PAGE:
In what turned out to be a busy pre-trade deadline day, there were two major veteran-for-prospect deals that took place. While the veterans on the move got plenty of press, we want to take a look at the prospects that made the deals possible.
The Yankees acquired the final two months of Ichiro's contract from the Seattle Mariners, and didn't have to give up that much to make the deal happen. In their second deal together in the last twelve months, the Yankees sent two low-end pitching prospects to the Mariners.
Right-hander D.J. Mitchell was a 10th round pick out of Clemson back in 2008 and put together a strong first season in 2009 to establish himself as a prospect. He hasn't lived up to the prospect billing since then, however, as his strikeout numbers have dipped as he's risen through the minors, and he has stalled out in Triple-A, with stints there in each of the past three seasons. He has been primarily a starter in the minors, but ultimately profiles as a reliever, where his limited stuff can hopefully play up. He wasn't added to the Yankees 40-man roster until earlier this season when the team needed him to help bolster a struggling bullpen. He appeared in four games in the majors.
Danny Farquhar was also a 10th round pick, but has bounced around between three organizations since being drafted, and now joins his fourth organization this season (along with Oakland and Toronto, who had previously shipped him back and forth in various moves). Farquhar has slightly better stuff than Mitchell, but at just 5'9" he often gets overlooked due to his size. He has relieved his entire career, so at this point, he is what he is, which could be a usable bullpen arm.
John Sickels of MinorLeagueBall.com has his scouting reports on both prospects.
The other major deal of the day saw the Tigers finally make a move involving top prospect Jacob Turner, sending him to Miami along with fellow prospects Rob Brantly and Brian Flynn in exchange for Anibal Sanchez and Omar Infante.
Turner has been the center of trade talks for a year or so as the Tigers are perrennial contenders to add pieces. The team pulled the trigger on a deal to add two key pieces, but gave up a lot to make the deal happen.
Turner has been the team's top prospect since being selected in the first round in 2009, and has soared through the minors with solid results despite never really dominating his competition. As the Tigers did with Rick Porcello, they have moved an advanced prep pitcher quickly through their minor league system, possibly at the expense of full development, as evidenced by Turner's ERA of 8.28 in six major league starts over the past two seasons.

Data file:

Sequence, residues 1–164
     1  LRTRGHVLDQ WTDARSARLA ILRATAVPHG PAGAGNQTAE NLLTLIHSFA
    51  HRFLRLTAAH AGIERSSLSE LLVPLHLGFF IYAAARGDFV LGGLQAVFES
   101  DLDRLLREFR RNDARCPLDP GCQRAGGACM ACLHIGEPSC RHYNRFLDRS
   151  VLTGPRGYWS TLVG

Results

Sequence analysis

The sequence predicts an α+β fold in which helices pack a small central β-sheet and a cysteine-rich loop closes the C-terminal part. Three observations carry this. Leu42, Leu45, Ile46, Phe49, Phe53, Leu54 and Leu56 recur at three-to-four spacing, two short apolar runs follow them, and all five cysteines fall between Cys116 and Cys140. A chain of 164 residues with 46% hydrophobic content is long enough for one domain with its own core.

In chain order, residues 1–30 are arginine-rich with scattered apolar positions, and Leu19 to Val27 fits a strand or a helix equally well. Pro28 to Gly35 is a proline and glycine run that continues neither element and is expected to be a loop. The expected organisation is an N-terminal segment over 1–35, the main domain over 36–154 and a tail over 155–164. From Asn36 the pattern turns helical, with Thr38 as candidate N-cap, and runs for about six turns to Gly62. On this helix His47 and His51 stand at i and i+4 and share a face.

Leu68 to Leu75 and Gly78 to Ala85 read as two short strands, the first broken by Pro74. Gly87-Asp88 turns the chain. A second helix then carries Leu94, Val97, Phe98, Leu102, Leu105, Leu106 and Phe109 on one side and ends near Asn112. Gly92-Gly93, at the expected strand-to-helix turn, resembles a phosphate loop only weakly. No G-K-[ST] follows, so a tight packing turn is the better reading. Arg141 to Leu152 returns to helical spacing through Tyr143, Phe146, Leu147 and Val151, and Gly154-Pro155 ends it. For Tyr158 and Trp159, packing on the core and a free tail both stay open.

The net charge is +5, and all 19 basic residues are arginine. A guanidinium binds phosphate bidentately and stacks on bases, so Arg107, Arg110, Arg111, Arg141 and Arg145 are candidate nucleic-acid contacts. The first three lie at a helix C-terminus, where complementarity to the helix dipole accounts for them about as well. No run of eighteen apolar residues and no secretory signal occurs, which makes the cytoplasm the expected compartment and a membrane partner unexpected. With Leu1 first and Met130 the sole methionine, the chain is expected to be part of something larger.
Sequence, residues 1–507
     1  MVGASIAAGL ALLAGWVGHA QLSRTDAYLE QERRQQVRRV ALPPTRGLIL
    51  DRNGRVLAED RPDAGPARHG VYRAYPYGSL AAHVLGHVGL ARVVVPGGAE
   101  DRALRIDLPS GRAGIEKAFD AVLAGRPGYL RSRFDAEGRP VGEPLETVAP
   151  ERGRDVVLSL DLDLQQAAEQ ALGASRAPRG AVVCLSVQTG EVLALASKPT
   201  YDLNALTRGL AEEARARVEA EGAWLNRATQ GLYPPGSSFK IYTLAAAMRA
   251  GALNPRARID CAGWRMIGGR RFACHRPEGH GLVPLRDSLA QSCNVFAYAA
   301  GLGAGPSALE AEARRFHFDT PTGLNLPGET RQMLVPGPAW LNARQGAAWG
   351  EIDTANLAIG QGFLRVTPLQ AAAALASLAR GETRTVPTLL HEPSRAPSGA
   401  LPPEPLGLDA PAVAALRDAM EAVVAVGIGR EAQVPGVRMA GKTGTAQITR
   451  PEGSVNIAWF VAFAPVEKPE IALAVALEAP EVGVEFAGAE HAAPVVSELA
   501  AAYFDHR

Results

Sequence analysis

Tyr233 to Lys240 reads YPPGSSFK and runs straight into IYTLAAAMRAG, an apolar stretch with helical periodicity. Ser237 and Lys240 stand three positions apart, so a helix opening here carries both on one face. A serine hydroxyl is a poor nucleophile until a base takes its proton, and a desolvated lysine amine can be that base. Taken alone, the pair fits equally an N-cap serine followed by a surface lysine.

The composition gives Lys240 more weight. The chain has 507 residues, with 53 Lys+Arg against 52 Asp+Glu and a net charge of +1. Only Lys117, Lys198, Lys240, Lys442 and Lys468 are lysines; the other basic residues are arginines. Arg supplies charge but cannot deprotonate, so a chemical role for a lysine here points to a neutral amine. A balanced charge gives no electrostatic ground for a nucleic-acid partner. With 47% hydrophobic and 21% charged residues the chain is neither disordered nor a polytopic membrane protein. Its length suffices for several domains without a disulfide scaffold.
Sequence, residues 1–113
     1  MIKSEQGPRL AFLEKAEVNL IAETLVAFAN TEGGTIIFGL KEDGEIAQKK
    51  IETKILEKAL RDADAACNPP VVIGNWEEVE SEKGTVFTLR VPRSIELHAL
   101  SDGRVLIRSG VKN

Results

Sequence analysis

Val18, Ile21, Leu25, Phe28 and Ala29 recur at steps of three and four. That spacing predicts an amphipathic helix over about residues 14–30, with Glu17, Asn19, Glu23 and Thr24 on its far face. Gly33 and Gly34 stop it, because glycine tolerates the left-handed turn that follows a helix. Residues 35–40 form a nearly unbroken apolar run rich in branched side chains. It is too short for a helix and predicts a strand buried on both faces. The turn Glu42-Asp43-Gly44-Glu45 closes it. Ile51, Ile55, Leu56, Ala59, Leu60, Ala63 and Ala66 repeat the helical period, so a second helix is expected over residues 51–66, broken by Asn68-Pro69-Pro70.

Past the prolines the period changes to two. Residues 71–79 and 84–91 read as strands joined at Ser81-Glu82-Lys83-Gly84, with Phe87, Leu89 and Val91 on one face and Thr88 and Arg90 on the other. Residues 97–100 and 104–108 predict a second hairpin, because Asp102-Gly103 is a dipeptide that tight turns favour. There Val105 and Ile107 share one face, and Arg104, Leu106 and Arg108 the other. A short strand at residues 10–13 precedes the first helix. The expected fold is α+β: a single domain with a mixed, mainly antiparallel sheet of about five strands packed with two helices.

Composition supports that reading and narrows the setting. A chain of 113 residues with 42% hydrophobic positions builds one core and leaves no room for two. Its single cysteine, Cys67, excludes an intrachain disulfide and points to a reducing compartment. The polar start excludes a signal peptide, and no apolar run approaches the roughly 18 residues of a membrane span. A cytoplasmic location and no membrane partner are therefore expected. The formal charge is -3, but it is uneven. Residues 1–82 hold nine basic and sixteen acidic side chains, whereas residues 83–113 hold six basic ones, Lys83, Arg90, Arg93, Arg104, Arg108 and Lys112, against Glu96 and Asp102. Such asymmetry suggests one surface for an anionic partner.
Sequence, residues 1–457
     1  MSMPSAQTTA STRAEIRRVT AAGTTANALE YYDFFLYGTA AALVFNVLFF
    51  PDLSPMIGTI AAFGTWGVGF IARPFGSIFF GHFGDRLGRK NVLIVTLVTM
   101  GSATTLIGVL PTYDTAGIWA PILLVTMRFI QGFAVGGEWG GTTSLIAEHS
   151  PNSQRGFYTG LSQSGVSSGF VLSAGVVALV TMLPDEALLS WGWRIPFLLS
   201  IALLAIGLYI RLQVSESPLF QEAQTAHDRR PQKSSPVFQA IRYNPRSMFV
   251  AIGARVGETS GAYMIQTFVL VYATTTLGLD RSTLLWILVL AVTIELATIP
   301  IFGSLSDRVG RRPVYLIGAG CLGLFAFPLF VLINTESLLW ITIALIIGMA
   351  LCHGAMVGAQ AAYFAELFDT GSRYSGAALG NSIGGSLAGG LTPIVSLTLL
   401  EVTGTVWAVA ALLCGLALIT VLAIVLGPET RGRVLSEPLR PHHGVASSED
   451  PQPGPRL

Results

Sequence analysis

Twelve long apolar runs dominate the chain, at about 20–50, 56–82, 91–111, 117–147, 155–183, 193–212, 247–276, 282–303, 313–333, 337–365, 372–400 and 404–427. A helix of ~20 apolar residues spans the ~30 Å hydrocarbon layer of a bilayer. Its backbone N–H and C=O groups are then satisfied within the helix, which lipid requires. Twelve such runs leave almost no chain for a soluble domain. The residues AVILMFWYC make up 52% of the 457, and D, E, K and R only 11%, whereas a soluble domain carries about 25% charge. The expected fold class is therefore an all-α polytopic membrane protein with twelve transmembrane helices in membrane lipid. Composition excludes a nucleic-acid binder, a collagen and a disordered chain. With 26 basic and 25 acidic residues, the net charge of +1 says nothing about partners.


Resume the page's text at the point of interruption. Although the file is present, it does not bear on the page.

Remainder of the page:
Stuff-wise, Turner is the complete package, so there is really no explanation for his big league struggles other than that the Tigers haven't given the 21-year-old time to develop his off-speed stuff to its full potential. He's also had a few injury issues, including shoulder soreness that took him out of the running for a spot in the Tigers rotation this spring. The Marlins plan to send Turner to Triple-A, at least for the time being.
The Marlins also got a solid catching prospect in the deal in Brantly, who profiles as an offensive catcher. Brantly, a 3rd round pick in 2010, has hit well during his minor league career, receiving in-season promotions both last year and this year after hitting over .300 in the first-half of both seasons. He's not a power hitter and likely never will be, but he does control the strike zone well and has a knack for barrelling up the ball. He'll never be a Gold Glover behind the plate, but he's good enough to stick back there and could be in the majors by the end of next season.
FInalizing the deal is Flynn, a 6'8" left-hander selected seventh round in 2011. His stuff is not overpowering for a pitcher his size, and as with most large pitchers, he has trouble repeating his delivery, causing a fluctuation in velocity. He's done well in the minors and was just promoted to Double-A Erie before the trade, but does not dominate hitters or miss bats the way his profile would suggest. His size and left-handedness should make him an uncomfortable matchup for left-handed hitters, so despite his role as a starter now, he should be headed for a bullpen role soon.